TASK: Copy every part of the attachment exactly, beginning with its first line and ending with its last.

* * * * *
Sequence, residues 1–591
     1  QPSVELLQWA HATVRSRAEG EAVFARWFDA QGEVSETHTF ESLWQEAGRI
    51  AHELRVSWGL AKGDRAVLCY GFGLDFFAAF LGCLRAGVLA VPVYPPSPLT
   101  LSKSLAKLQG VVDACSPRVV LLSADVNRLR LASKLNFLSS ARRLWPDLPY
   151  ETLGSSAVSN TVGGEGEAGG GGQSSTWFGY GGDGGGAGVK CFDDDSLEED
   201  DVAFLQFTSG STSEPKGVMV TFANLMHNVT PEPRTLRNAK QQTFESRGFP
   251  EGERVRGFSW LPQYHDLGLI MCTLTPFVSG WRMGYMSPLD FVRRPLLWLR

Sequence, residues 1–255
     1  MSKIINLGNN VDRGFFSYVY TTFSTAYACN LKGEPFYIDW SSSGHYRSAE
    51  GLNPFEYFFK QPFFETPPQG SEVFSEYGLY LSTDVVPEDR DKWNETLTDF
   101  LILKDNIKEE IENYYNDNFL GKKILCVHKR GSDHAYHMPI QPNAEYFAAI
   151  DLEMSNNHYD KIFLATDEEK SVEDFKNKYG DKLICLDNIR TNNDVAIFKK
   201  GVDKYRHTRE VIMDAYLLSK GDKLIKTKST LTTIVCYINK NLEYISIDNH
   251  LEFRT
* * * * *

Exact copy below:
Sequence, residues 1–591
     1  QPSVELLQWA HATVRSRAEG EAVFARWFDA QGEVSETHTF ESLWQEAGRI
    51  AHELRVSWGL AKGDRAVLCY GFGLDFFAAF LGCLRAGVLA VPVYPPSPLT
   101  LSKSLAKLQG VVDACSPRVV LLSADVNRLR LASKLNFLSS ARRLWPDLPY
   151  ETLGSSAVSN TVGGEGEAGG GGQSSTWFGY GGDGGGAGVK CFDDDSLEED
   201  DVAFLQFTSG STSEPKGVMV TFANLMHNVT PEPRTLRNAK QQTFESRGFP
   251  EGERVRGFSW LPQYHDLGLI MCTLTPFVSG WRMGYMSPLD FVRRPLLWLR

Sequence, residues 1–255
     1  MSKIINLGNN VDRGFFSYVY TTFSTAYACN LKGEPFYIDW SSSGHYRSAE
    51  GLNPFEYFFK QPFFETPPQG SEVFSEYGLY LSTDVVPEDR DKWNETLTDF
   101  LILKDNIKEE IENYYNDNFL GKKILCVHKR GSDHAYHMPI QPNAEYFAAI
   151  DLEMSNNHYD KIFLATDEEK SVEDFKNKYG DKLICLDNIR TNNDVAIFKK
   201  GVDKYRHTRE VIMDAYLLSK GDKLIKTKST LTTIVCYINK NLEYISIDNH
   251  LEFRT